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Youth Lagoon @ Turner Hall Ballroom

April 5, 2012

Apr. 6, 2012
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"I didn't know it was possible for a person to throw up 10 times," Youth Lagoon's Trevor Powers told the crowd at Turner Hall Ballroom Thursday night, apologizing for a case of food poisoning he'd picked up on the road. The 22-year-old didn't look well. Pale and slumped over his synthesizer, he kept his movements and between-song chatter to a minimum; it seemed to take all the energy he had just to make it through his songs.

Powers' malaise cut the show short—very short: He played just six songs, with no encore—but aside from the abbreviated set, it was hard to imagine that food-poisoned Youth Lagoon was all that different from perfectly healthy Youth Lagoon. Where a bedroom-pop project like Neon Indian can transform itself for the stage into a lively, full-band dance party, that sort of reinvention seems out of the question for a songwriter as introverted as Powers. Instead, Youth Lagoon's two-man live setup stays true to the small scale of their 2011 debut, The Year of Hibernation, an intimate album inspired by Powers' many anxieties and social phobias. The band's entire rig—a guitar and a couple of keyboards—could probably fit into a mid-size sedan, and the guitarist often seemed to be on stage as much to take some of the attention off of the crowd-shy singer as for his playing. Even if his meal had sat better with him, Powers wasn't going to be doing any onstage jump-kicks at this show.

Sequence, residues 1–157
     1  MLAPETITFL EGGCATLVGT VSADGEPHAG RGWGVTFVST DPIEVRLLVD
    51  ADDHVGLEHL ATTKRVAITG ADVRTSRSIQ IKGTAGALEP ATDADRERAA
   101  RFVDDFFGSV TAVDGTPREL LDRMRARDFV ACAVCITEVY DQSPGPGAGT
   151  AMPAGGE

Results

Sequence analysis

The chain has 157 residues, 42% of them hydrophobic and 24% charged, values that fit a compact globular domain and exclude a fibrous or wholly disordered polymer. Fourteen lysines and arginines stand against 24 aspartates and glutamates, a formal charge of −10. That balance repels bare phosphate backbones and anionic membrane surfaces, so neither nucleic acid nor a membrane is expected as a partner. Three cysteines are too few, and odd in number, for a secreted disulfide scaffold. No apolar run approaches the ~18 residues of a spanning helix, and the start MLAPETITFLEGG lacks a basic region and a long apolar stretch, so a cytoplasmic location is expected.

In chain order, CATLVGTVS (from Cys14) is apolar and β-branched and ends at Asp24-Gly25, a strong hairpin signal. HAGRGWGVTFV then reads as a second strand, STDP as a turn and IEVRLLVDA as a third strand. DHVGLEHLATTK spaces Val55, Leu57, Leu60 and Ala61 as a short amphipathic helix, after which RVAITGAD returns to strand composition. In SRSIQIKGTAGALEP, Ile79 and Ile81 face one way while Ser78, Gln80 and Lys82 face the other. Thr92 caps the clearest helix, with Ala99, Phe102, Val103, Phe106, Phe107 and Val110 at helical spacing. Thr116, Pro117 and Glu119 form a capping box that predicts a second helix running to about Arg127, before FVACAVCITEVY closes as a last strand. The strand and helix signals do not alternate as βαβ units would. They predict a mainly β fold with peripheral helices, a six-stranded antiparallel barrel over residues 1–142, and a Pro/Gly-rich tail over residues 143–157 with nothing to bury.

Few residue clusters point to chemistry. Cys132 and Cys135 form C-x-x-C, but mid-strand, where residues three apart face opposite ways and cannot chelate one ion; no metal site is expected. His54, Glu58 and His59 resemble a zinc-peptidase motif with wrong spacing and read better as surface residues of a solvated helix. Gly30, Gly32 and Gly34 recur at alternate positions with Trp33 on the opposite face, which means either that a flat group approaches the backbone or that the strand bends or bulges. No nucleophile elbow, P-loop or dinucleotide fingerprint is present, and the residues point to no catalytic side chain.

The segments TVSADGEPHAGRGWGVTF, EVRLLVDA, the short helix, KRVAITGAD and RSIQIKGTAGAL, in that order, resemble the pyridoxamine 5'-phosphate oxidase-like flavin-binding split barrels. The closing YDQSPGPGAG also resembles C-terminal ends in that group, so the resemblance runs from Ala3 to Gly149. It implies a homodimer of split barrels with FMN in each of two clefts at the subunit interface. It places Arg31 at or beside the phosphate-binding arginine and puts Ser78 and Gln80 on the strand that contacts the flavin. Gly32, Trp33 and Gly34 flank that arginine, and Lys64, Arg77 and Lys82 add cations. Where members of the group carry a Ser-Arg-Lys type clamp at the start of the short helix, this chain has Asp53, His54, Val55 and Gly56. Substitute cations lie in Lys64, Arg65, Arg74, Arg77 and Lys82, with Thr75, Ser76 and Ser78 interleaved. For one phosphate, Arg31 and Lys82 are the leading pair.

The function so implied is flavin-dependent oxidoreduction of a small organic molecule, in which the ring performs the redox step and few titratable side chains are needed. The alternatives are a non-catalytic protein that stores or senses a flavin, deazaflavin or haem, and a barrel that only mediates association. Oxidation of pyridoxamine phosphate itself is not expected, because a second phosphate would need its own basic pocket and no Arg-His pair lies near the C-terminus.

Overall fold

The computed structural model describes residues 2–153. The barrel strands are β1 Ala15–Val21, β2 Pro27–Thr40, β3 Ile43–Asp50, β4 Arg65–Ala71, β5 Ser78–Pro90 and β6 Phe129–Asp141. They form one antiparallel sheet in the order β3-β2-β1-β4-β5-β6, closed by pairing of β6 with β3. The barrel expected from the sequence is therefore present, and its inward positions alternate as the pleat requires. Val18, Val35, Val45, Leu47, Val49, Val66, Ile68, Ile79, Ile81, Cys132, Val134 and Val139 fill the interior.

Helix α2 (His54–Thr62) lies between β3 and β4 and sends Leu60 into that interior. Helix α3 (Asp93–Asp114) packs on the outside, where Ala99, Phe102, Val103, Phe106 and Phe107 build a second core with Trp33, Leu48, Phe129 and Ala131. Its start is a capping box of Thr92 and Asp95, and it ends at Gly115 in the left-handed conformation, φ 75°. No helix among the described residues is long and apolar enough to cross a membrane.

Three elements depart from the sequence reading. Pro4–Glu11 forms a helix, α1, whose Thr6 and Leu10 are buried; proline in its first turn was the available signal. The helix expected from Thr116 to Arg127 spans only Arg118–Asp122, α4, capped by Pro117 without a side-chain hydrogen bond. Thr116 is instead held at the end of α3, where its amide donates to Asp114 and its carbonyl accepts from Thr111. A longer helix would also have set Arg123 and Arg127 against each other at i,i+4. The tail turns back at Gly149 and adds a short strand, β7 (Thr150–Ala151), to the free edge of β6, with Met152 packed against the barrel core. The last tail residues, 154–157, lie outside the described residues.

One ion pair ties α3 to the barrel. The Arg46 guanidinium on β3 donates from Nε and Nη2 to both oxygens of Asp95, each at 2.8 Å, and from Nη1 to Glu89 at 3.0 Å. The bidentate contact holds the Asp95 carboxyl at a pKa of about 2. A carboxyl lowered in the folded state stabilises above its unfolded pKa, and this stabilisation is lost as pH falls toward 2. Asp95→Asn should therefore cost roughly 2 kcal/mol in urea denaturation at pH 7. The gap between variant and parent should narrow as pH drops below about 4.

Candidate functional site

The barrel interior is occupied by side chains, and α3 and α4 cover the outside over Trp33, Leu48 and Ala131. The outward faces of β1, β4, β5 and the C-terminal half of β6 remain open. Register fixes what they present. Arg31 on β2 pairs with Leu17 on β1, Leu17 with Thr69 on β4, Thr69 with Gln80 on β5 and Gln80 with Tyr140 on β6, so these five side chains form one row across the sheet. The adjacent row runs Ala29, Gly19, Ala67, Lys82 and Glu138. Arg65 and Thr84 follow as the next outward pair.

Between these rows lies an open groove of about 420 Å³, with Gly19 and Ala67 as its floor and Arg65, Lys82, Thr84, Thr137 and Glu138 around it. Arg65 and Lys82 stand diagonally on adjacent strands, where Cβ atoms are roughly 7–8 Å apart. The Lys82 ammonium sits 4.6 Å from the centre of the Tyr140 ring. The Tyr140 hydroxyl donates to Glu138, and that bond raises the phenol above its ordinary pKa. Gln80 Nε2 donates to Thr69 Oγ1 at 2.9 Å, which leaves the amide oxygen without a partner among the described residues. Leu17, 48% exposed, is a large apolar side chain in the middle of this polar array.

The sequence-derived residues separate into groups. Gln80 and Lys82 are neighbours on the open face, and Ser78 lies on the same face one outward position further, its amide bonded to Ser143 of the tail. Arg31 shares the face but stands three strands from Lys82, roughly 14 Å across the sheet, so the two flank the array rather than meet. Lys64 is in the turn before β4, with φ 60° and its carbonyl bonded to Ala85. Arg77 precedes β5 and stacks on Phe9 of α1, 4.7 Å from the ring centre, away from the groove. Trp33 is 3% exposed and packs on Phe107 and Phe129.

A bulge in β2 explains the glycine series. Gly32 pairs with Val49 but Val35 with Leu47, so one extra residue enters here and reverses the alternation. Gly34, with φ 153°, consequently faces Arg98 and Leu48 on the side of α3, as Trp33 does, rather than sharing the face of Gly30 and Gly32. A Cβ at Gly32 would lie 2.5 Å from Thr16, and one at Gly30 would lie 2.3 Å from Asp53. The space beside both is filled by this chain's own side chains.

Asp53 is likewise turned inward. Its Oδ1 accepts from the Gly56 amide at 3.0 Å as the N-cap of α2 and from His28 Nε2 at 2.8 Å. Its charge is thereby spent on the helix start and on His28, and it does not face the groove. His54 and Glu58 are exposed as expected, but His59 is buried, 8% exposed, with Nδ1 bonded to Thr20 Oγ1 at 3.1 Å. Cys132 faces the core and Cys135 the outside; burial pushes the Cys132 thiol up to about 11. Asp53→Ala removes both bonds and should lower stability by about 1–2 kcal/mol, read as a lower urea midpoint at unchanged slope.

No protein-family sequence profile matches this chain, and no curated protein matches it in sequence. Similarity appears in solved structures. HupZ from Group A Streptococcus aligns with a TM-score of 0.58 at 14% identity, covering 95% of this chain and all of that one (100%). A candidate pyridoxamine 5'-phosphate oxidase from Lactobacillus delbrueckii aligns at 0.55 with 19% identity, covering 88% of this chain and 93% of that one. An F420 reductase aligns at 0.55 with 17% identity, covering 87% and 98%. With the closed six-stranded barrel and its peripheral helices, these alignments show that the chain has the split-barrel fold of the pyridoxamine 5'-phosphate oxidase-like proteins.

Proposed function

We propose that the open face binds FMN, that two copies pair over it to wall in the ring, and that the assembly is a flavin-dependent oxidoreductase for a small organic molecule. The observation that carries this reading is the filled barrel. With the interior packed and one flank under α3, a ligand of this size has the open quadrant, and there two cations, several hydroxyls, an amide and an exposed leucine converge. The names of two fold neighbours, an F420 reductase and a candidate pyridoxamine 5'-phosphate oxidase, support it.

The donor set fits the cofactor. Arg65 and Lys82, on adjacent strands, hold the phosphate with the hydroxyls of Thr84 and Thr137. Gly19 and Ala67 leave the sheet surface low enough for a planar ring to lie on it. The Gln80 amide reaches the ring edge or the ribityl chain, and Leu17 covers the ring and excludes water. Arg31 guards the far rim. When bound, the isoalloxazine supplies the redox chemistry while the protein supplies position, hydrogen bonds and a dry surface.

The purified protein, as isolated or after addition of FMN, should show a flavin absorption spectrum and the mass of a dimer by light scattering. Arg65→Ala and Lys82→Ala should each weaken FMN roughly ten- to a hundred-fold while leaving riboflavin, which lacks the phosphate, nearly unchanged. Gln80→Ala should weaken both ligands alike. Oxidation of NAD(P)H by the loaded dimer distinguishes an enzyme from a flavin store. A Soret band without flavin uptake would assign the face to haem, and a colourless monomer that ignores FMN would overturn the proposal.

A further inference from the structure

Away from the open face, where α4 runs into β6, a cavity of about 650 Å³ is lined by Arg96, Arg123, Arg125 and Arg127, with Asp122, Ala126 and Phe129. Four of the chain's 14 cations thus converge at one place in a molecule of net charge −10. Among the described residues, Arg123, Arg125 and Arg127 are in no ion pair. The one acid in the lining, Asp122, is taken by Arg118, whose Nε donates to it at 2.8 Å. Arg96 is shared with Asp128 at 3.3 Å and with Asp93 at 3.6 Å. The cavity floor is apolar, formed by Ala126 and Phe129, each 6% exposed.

Though the skimpy set left plenty of fans grumbling as they filtered down Turner Hall's lopsided stairs onto Fourth Street, six songs didn't feel unreasonable for a band touring behind just one eight-track album. And at least they sounded good. Powers sang with unexpected strength, revving his tiny, whimpering voice into a stirring yowl. If he ever sounded a little queasy, it was only because he always sings that way.

Where Youth Lagoon kept things deliberately small, their Brooklyn tour-mates Porcelain Raft demonstrated how much power a two-man lineup can muster. The duo's meaty indie-rock was proudly grandiose, colored with shades of U2, Oasis and Radiohead at their most sky-scraping. The West Bend quartet Blessed Feathers opened the night on a more rustic note with a convivial set of rickety, Neutral Milk Hotel-esque folk-pop.

Photo by CJ Foeckler


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